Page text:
Monday, September 5, 2011

The Autobiography of S. S. McClure

Tim has had great success reading biographies and autobiographies aloud to N.  This reading is a central part of their morning "school" time.  In the past year they've read Mark Twain's Life on the Mississippi, the fictionalized autobiographical works of James Herriot, Oliver Sacks' Uncle Tungsten, and Madame Curie, learning so much history, science, and life wisdom along the way.  They've begun this second-grade year with The Autobiography of S. S. McClure, ghost-written by Willa Cather in 1912.  It's a wonderfully written, thoroughly compelling, rags-to-riches story of an Irish immigrant who became a powerful publisher in early twentieth-century America.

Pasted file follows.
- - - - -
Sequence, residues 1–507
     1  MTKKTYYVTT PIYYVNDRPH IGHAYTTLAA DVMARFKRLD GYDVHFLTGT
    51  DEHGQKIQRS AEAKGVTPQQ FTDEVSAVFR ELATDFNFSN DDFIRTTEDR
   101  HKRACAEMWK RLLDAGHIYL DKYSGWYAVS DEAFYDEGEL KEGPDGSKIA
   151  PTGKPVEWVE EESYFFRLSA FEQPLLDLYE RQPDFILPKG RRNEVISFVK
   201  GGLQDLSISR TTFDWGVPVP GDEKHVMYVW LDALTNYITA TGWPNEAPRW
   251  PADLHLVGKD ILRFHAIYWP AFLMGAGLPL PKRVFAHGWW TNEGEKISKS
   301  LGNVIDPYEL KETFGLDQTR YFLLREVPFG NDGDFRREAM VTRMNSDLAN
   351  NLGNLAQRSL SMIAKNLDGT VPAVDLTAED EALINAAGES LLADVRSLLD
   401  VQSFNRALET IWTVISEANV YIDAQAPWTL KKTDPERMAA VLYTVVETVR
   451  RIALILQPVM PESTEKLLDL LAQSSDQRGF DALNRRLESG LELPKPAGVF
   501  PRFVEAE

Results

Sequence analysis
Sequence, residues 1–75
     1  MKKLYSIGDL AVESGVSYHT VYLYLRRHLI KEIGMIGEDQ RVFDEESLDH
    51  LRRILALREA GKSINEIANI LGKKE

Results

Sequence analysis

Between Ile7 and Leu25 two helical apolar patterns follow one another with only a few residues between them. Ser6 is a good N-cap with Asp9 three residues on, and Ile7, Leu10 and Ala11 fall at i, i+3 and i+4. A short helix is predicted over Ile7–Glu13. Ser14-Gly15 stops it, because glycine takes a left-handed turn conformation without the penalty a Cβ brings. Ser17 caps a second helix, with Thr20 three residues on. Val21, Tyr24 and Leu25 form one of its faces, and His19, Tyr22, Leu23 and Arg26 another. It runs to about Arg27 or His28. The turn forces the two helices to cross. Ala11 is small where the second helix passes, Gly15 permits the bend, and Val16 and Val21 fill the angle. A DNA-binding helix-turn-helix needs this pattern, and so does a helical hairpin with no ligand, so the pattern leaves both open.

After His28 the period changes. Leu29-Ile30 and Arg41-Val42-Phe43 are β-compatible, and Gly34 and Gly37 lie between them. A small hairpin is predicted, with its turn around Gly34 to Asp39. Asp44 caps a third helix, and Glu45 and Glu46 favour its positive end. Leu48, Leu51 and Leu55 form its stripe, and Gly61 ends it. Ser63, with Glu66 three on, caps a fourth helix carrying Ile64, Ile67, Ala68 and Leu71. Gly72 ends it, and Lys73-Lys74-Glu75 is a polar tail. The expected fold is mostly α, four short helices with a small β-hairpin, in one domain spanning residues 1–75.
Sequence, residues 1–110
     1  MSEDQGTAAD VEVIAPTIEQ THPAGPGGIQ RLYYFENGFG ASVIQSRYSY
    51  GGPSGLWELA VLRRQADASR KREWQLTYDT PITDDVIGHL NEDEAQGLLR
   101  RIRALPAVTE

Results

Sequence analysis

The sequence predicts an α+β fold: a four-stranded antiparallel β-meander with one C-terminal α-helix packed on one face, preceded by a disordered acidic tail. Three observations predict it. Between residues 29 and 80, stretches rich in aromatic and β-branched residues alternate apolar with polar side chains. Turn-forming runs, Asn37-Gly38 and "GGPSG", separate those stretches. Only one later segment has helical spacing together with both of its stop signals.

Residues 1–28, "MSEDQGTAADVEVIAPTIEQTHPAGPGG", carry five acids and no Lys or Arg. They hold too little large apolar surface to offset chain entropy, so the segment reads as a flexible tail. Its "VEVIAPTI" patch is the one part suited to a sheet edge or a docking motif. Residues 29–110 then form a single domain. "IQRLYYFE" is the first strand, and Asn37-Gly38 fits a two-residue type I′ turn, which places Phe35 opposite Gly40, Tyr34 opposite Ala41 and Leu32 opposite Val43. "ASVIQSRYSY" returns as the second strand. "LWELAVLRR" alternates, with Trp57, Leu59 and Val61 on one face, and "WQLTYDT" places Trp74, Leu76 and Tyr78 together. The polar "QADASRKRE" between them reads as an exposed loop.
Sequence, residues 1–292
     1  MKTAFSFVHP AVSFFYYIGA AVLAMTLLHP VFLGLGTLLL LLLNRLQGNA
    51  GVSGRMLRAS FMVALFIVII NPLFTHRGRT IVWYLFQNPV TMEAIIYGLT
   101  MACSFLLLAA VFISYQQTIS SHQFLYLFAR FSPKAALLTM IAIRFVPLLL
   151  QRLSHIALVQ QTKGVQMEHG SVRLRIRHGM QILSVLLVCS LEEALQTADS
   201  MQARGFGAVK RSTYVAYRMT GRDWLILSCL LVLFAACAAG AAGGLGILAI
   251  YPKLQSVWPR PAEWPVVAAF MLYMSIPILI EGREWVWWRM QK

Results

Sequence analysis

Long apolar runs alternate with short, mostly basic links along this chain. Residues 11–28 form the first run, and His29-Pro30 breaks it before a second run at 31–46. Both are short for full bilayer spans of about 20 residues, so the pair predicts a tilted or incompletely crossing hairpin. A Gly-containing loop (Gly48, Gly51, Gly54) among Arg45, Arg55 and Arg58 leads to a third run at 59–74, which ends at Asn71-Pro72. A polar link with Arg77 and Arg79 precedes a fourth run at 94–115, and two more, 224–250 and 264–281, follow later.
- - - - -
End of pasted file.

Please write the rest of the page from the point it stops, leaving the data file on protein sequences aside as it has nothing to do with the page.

One of the notable traits of young Samuel McClure was his absolute thirst for knowledge.  His simply loved learning and adored going to school; he did whatever he could to be able to attend.  I think boys in today's rather anti-intellectual boy culture, even those who love learning like N., can benefit from hearing the stories of boys like McClure who crave learning and who become important men because of that learning.

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